It is a shame that Nepal, which has the potential of 83,000 MW, of which at least half is commercial, suffers from 12 hours to 14 hours load shedding. It is only now that agreements with India as well as China have materialised. The anti-India Maoist faction – the so-called untransformed and undemocratised Baidya group, among which like every other party, fissures have appeared – was protesting with a bandh last September 23 across Nepal against the power-sharing agreements with India. “They don’t matter any more, having marginalised themselves”, observed Vikas Agarwal, a Nepali businessman and politician from Ghorai. This leads to the larger question: What next in Nepal?
Sadly, the biggest deficit in this high season of post Dashain-Tihar festivities is leadership. After a 10-year drought in New Delhi, Modi was discovered. In Kathmandu, just when you needed someone like GP Koirala, you get a well-meaning, scrupulously honest but a weak Koirala cousin, Prime Minister Sushil Koirala. The second attempt at writing the Constitution is going nowhere. Former Prime Minister Baburam Bhattarai, who was billed as a star speaker at the Nepalgunj conference but didn’t turn up, heads the Political Dialogue and Consensus Committee. He announced recently that a Constitution by the promised deadline of 22nd January, 2015, is not possible – though the Government insists it will be delivered. A Constitution means fresh elections and none of the legislators wants one!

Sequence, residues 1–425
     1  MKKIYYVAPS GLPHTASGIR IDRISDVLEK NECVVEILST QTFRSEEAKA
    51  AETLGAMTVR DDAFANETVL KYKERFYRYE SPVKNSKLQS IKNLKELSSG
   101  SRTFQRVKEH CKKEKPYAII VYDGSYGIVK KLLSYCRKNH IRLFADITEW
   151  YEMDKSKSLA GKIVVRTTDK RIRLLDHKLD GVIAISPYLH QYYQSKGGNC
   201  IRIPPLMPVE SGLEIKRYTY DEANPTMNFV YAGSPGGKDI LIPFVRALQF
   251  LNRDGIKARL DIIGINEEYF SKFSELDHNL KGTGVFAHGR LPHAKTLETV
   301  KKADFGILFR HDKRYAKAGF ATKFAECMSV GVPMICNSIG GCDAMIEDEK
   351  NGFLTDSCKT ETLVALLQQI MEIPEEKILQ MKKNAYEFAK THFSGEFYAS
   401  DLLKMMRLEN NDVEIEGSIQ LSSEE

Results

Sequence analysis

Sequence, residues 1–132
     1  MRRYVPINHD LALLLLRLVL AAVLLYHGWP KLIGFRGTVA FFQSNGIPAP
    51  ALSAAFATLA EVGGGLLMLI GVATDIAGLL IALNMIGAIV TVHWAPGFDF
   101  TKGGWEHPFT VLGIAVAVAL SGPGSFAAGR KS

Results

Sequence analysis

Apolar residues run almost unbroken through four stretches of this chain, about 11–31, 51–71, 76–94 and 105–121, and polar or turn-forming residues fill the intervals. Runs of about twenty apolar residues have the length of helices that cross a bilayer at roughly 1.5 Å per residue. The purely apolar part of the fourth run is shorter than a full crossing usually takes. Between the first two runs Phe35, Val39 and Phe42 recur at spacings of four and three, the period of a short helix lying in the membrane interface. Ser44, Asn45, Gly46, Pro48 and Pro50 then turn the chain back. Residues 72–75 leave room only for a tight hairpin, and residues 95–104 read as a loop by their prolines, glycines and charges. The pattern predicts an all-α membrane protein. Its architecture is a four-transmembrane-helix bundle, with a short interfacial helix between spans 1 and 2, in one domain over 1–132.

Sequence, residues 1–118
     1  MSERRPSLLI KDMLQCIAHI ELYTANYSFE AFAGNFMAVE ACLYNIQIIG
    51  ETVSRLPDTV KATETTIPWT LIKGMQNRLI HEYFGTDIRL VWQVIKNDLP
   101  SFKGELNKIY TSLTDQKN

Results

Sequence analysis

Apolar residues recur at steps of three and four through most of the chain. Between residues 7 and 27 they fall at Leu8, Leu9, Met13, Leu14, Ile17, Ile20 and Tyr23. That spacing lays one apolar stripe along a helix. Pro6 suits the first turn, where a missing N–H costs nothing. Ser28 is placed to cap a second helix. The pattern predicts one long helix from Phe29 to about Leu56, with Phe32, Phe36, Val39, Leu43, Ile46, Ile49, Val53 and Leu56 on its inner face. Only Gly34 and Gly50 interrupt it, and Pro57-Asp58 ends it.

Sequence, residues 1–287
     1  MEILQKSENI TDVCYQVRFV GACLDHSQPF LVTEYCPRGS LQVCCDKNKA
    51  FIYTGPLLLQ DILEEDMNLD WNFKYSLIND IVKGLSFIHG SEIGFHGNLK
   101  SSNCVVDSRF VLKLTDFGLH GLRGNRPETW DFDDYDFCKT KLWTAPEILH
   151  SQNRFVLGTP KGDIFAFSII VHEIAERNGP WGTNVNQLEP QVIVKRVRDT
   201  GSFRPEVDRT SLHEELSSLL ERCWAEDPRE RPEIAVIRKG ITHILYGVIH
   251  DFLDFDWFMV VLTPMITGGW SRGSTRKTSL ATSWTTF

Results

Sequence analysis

Political stability flowing from a new Constitution over which the country has fought a decade-long civil war, appears a bridge too far. A Modi intervention, strictly by invitation, may be one way out of the current impasse. Many Nepalis have suggested that India broker another landmark peace agreement to help overcome the tricky issues like federalism, form of government, judicial system and election system. New Delhi’s peace agenda has been one of mainstreaming the Maoists and the democratisation of Nepal. In Dang district, Maoists had won all five electoral seats in the 2008 election. In 2013, they lost all to the Nepali Congress. In these areas, and I am told elsewhere too, the byword for corruption regrettably is the transformed Maoists. I asked Naresh Thapa, a political commentator from Ghorai what to make of this. His reply: “Janata le bujhiyo” (people have understood the Maoists). What he did not say was that the transformation of romantic revolutionaries to reasonably honest politicians will take time. While the Constitution will get written and border region problems get resolved the hope of people-first politics is fading away.
All the promises made by Modi in Kathmandu are being delivered. Nepal’s political ruling class keeps signing five and six- point agreements at the drop of a hat without delivering any economic dividend to the people. That is the tragedy of Nepal.